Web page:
Details
Study title
The Structure of Character Description in Khoekhoegowab
Ref study 13355
Study language English
Contributing institutions
Authors
Keywords
  • Cross cultural analysis
  • Africa
  • Cross-cultural psychology
  • Mixed method design
  • Personality
  • Mental health
  • Psycholexical studies
  • emic-etic approach
Disciplines
Period
April 2018 through October 2021
Geographical space
Namibia
Country
  • Switzerland
  • Namibia
Abstract
Personality psychology relies heavily on evidence from North America and Europe. Lexical studies, based on the rationale that the most important psychological distinctions between people will be encoded in the natural languages, can provide input from underrepresented contexts by defining locally-relevant personality concepts and their structure. We report the results of a psycholexical study in Khoekhoegowab, the most widely spoken of southern Africa’s (non-Bantu) click languages. It includes the largest sample of any lexical study conducted in Sub-Saharan Africa, is the first anywhere to include qualitative interviews to systematically assess the interpretability of terms, and is one of few to rely on a more representative community sample of adults rather than students. Refinement of the survey included frequency-of-use ratings by native speakers from throughout Namibia and input on relevance to personality by those with a psychology degree. The survey was administered by interview to 622 participants by a team of 15 schoolteachers of Khoekhoegowab. The 11 dimensions of the optimal local model were labelled: Intemperance, Prosocial Diligence, Intrusive Gossip, Good Nature, Bad Temper, Predatory Aggression, Haughty Self-Respect, Vanity/Egotism, and Fear versus Courage. A Big One model of evaluation was strongly replicated. Moderate replication was found for the Big Two, Pan-Cultural Three, and a hypothesized pan-African model based on prior lexical results in two languages. Replication criteria were not achieved for the Big Five, Big Six, or South African Personality Inventory models. What results suggest about the local cultural context and about culturally specific aspects of the imported models are discussed.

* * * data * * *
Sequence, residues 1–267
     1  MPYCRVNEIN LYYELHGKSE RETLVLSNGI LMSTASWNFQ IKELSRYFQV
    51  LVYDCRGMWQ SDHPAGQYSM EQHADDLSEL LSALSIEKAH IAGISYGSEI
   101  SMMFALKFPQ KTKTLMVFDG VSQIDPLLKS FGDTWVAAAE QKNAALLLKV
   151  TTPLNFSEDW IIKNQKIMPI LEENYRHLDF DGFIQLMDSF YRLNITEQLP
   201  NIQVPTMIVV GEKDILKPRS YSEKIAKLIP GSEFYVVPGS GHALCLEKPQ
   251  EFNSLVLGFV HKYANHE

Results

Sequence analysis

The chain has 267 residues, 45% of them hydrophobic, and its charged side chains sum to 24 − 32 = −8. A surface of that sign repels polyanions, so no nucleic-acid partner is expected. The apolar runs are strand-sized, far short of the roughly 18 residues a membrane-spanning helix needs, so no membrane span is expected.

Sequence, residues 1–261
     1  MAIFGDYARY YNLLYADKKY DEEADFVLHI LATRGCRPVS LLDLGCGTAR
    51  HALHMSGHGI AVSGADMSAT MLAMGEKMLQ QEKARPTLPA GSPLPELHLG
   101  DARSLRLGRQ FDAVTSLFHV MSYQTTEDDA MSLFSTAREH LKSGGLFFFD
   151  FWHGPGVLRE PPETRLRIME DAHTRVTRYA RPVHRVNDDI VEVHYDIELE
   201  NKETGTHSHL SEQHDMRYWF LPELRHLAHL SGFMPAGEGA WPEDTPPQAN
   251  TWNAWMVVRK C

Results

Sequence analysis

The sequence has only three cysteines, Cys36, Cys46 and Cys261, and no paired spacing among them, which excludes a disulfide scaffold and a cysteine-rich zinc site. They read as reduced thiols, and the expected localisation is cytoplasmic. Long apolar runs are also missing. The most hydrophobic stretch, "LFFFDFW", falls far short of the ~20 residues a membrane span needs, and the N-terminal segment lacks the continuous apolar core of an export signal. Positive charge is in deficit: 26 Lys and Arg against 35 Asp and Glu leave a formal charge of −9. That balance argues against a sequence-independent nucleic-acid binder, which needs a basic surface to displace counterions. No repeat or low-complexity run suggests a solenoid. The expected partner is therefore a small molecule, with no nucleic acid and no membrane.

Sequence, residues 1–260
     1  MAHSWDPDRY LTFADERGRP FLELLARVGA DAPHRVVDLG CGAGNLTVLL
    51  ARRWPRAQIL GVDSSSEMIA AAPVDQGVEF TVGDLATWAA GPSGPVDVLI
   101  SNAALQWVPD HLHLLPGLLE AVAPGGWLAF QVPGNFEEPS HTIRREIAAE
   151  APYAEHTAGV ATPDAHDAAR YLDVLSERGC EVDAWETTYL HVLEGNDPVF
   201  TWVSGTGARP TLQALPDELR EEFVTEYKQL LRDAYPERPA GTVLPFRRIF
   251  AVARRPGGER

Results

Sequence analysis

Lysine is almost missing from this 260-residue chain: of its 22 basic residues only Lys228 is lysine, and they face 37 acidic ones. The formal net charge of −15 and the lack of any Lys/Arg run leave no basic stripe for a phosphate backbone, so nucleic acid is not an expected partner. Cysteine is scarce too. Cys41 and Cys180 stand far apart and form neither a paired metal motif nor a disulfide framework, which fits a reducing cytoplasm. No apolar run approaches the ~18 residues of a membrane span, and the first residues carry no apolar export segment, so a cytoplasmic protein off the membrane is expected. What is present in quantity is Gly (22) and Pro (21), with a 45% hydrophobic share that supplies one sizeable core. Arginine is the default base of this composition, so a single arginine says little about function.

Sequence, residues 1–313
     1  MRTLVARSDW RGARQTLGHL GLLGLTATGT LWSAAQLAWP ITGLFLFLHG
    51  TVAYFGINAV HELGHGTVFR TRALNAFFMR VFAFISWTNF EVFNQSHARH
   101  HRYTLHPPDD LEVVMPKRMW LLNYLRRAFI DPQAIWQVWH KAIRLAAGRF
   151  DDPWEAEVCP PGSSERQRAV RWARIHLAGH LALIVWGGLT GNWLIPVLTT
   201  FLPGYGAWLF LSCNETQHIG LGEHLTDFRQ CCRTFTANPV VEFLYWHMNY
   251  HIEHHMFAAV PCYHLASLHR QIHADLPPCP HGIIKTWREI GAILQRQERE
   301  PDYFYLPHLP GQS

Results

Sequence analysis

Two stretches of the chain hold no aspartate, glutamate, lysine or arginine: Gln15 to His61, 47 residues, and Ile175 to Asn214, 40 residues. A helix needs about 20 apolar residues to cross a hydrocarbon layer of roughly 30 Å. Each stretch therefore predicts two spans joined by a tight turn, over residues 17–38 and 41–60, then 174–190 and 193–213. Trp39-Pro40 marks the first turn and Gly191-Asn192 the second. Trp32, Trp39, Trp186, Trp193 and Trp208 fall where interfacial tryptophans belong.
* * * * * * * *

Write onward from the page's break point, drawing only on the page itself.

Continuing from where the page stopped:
Results
Methods (description)
A preregistered analysis plan (for most steps) was uploaded to the Open Science Framework February 16, 2019
There are three parts to this study:
1. The creation of the lexical survey
2. The main quantitative data collection using the lexical survey
3. Follow up qualitative interviews
Methods (instruments)
  • Standardised interviews - face-to-face
Replicated study No
Financed by
Ethical approval Yes
Study type
Data availability
Available by request here and at the Open Science Framework
Source (Updates) Web
Date created 17.02.2021
Date modified 17.02.2021
Start - End date 01.05.2018 - 01.10.2021